Let’s work to make education encourage integrity


By Corrine Winter

We just received a postcard from a 2011 St. Ambrose graduate who is spending a year in Montana with the Jesuit Volunteer Corps. 

In her note, she shared a wonderful theological insight when she described her year as a way to live out the principles she has learned in her academic courses as well as in other experiences such as retreats, liturgies and service work.

This is tremendous encouragement as we prepare to start another academic year. Some students really get it.  Sarah is an example of a student who used her time at St. Ambrose to grow in all of the ways listed in our University Mission Statement: intellectually, spiritually, ethically, socially, artistically and physically. That makes her a truly educated person. The fact that she appreciates the connections among the various aspects of her life also make her an excellent representative of the Catholic Tradition.  

Among other qualities, Catholicism is dedicated to the integrity of faith and life.  This conviction is, of course, grounded in Scripture and expressed in the strong Tradition of the Church. We read Jesus’ words against hypocrisy and his calls for love of God to be expressed in love of neighbor and for the greatest to be servants as examples of the biblical grounds along with the Beatitudes and many exhortations we find in the Epistles. In the early third century, Irenaeus of Lyon wrote against a group called the Gnostics that their error consisted in separating spiritual insight from other aspects of human life. And the historical background for both moral theology in general and our current RCIA program includes  inspiring catechetical sermons such as those of John Chrysostom in which new Christians and the  Christian community in general are exhorted to behave in ways consistent with the faith in which we are baptized.  In modern times, papal encyclicals continue to explore ways in which Christian belief is expressed in Christian action.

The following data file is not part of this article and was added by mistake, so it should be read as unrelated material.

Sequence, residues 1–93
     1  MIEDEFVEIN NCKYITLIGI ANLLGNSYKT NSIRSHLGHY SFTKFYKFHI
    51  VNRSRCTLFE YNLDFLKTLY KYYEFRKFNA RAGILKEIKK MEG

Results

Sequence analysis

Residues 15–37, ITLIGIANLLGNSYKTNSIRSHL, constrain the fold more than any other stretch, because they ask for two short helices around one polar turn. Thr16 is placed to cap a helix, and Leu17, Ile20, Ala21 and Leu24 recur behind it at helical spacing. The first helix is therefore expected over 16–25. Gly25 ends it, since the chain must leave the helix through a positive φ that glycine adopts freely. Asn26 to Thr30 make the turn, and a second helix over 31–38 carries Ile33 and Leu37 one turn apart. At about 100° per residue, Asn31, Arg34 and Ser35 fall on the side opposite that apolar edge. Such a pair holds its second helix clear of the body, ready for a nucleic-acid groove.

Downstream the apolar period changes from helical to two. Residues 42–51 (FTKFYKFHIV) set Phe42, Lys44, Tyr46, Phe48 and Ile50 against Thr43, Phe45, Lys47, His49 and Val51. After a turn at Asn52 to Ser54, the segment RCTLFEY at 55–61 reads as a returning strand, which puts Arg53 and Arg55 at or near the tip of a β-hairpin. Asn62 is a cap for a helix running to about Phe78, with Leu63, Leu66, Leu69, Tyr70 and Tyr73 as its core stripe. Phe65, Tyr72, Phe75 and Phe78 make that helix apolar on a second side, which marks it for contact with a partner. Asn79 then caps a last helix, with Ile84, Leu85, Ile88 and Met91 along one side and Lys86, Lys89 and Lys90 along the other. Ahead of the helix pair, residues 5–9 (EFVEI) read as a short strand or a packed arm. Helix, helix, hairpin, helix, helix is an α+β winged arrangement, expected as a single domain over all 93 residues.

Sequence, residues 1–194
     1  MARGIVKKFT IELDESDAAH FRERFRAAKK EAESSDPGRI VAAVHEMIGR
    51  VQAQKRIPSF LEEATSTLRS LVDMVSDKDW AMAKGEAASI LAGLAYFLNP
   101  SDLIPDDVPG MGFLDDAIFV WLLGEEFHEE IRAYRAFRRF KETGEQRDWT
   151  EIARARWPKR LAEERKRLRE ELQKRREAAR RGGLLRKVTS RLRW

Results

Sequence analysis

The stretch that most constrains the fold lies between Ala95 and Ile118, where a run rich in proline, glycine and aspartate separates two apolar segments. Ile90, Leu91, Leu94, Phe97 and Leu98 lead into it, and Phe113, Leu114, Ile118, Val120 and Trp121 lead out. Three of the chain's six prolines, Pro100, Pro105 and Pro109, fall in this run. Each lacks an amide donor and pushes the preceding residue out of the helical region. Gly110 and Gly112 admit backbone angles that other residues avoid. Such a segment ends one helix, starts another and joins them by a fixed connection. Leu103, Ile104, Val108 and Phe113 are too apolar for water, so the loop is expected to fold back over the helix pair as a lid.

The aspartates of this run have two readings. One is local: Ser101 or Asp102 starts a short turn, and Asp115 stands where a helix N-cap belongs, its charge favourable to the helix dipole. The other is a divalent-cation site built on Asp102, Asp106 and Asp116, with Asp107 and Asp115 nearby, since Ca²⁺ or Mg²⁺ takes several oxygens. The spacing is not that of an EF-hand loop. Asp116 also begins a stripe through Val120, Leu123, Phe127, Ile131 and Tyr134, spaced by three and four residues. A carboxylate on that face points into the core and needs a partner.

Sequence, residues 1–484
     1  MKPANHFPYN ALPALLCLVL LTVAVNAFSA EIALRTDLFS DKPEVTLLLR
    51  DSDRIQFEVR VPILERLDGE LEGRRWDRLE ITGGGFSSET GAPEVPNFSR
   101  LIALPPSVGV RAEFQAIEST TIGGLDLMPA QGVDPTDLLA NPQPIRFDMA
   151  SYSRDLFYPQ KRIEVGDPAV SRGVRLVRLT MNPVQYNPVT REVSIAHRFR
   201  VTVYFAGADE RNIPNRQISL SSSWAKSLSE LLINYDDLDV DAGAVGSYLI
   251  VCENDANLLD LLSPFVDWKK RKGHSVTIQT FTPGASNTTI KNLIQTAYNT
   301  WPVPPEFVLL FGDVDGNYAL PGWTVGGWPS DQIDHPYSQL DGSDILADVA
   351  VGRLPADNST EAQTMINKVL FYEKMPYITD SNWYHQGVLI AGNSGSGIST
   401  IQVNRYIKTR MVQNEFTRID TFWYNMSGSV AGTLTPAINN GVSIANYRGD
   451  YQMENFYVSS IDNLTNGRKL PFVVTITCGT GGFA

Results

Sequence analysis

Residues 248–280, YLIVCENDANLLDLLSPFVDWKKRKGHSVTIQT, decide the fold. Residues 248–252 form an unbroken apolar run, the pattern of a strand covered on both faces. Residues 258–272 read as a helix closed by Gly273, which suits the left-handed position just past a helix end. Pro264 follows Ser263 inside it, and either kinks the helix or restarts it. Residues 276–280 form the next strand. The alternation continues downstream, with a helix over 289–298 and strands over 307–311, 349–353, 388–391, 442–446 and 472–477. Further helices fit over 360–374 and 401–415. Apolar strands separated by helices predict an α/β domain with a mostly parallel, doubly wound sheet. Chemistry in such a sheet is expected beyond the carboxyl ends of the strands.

As belief seems shallow unless it leads to changes in the way one lives, so action seems ungrounded unless it has a basis in a faith commitment.  A student who goes on a service trip merely because her friends are going or because it is a requirement and who does not engage in further reflection on the significance of the service or of the needs that are being met will miss opportunities for growth through the experience.  

I recall, for example,  a student who had been to a local shelter to serve a meal.  When he returned, he said it had been “cool.” I asked him what he had learned and he responded, “that people are homeless because they want to be.”  Nor was he, at the time, open to the insights offered by other students regarding basic human rights, injustice in our economic system, or societal biases against people with certain kinds of illness — all aspects that Catholic or any Christian, and most religious traditions would have urged him to examine.

As the academic year begins, let’s hope and work so that education, and especially religious education, will encourage students to integrity of thought and action. As we examine ways of thinking about faith, God, human life and the times in which we live, let’s hope we will constantly ask about our developing knowledge, insights and conclusions: “so what?” What difference will this make in the way I treat others, make decisions about the way I spend my time and money, live within the environment? When we decide to take action, let’s hope and work so that we will take time to think about and to articulate our reasons for doing so.

Part of the richness of Catholic Tradition, is the sense of the integrity of the human person, created in God’s own image, and of the call to integrity in what we say and do. That understanding, in my opinion, can help give meaning to our learning, and significance to our actions.

(Corinne Winter is a professor of theology at St. Ambrose University in Davenport.)

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